A few months ago I wrote this article about how Ayn Rand's bloated opus (almost wrote corpus, because it sounded so good after the word bloated) Atlas Shrugged provides aid and comfort to conservative populists (i.e., Tea Partiers) who may be feeling like sacrificial victims of America's fiscal policies. One of the (like, three!) thoughtful commenters was a fan of Rand & took me to task for conflating Rand's philosophies with conservatism, since she isn't, by any stretch, a post-Fallwell-Reagan conservative. She was an atheist and a classical liberal in the same sense as Milton Friedman was a classical liberal: In being severely suspicious of government interposition of any kind beyond setting the ground rules for making money and living life.
If you read my article carefully, I never call her a conservative--I'm simply pointing out the obvious in saying that her writings (as well as Friedman's) have been embraced by those who are. Alas, the Atlas Society has me on their "perp walk" list, alongside Roger Ebert and Michael Gerson, for perpetuating the myth that she was conservative.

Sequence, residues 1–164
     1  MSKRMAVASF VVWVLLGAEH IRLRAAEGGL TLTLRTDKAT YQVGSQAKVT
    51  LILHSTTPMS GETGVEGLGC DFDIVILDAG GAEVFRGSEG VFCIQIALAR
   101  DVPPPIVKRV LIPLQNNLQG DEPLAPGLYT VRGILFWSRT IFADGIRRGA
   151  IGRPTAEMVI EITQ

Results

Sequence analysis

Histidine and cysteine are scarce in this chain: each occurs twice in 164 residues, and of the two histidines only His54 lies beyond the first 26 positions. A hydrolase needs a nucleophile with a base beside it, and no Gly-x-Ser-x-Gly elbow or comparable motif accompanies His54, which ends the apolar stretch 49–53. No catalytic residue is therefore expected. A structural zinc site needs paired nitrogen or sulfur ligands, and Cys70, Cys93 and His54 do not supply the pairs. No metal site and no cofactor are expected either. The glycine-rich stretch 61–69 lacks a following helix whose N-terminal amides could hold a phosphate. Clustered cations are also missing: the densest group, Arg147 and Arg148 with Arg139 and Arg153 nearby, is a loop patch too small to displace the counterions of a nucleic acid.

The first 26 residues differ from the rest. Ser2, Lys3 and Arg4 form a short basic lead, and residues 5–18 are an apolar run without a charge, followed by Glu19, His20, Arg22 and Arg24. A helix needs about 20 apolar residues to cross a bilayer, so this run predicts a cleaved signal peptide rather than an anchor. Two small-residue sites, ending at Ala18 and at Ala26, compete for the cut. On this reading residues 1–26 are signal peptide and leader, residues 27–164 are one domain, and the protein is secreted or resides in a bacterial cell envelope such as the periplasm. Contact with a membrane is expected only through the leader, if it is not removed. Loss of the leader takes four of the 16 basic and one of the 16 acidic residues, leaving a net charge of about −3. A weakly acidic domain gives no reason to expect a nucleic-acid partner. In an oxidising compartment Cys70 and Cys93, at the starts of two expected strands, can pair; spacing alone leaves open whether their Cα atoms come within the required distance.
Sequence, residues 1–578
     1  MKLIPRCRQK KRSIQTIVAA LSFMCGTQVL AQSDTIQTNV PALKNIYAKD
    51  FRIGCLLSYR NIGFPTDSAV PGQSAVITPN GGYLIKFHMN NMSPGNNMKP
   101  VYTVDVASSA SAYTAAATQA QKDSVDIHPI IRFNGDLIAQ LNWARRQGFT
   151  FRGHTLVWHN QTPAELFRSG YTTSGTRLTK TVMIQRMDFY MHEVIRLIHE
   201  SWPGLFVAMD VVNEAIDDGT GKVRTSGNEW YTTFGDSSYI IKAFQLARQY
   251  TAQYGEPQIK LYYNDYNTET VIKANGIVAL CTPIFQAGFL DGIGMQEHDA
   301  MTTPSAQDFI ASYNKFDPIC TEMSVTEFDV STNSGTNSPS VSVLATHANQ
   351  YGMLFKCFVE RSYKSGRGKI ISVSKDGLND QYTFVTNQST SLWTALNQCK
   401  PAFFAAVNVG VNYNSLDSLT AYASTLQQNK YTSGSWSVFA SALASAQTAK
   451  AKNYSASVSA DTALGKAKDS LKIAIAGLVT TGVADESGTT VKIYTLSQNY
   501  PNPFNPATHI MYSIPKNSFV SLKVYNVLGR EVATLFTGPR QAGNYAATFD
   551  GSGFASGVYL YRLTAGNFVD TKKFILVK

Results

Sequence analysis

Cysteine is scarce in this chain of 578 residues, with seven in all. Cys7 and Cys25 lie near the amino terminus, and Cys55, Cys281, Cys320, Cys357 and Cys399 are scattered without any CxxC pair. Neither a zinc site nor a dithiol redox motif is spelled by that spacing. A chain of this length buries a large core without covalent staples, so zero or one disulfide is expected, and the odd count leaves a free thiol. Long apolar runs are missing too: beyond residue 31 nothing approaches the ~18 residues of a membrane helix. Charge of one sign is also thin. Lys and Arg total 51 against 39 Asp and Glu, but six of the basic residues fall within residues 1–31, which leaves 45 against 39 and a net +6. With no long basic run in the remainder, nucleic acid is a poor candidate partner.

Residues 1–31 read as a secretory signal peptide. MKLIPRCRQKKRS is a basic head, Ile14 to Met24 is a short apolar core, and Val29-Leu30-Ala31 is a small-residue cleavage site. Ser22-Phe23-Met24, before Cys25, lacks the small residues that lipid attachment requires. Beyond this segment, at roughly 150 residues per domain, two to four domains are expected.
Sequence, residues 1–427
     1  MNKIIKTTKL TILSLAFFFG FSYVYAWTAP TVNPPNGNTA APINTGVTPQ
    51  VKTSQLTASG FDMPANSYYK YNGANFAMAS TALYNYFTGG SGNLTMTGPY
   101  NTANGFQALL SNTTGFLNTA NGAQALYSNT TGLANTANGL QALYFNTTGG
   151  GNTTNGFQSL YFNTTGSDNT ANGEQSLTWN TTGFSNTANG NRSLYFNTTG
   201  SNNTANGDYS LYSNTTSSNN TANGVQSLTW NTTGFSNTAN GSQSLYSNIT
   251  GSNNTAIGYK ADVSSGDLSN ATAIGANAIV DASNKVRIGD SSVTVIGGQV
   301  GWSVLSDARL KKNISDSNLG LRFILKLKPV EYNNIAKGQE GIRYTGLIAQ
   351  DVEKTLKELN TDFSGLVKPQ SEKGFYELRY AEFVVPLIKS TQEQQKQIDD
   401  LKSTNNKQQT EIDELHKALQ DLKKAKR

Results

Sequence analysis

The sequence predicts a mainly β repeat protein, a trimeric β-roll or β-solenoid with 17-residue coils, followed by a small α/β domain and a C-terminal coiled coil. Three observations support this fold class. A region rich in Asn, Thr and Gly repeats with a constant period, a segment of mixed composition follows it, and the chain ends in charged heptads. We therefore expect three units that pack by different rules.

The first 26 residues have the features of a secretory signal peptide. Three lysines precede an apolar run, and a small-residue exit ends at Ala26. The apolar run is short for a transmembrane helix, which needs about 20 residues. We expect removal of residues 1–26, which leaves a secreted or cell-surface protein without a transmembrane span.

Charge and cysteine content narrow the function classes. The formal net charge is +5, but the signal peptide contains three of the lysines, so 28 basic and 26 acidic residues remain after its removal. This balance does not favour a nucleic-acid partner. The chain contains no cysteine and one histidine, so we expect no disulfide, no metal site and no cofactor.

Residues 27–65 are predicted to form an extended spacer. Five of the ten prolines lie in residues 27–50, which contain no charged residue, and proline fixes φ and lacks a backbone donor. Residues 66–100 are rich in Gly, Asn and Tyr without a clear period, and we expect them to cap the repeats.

It seems to contradict no known law of physics to say that someone influences conservatives without being conservative.
I'm gonna let that debate float away for now, but the Ayn Rand/conservative discussion has picked up again during the recent political battles over the government budget. Only this time religion has been thrown into the mix. Liberal Christians have made the case that Christian leaders in the GOP have forsaken Jesus for Rand.
The American Values Network, for example, just produced this video for . . . well, it's hard to say who their audience is or what their purpose is:
It's fair to challenge what could be considered ideological inconsistency, but this video is corny.
RNS has reported that 6,000 progressive Christians have signed a petition calling for House Budget Committee Chair Paul Ryan to put down his Atlas and pick up his Bible. Considering the size of both books, Ryan would get pretty buff picking up one while putting down the other, over and over. (Perhaps that's how consistency is maintained if you want to be both a Christian and a Rand Fan.)
At any rate, the charge is incompatibility: The Christian left-leaners argue here that one cannot identify as Christian and legislate as Christian while at the same time embracing anti-Christian ideology. Continuity of identity is broken in the attempt, and the person loses credibility. Perhaps the GOP leaders like Ryan could counterargue that taking up Rand's opinions about fiscal policy and federal budgets doth not mean taking up her opinions on Jesus. What do you think about these arguments?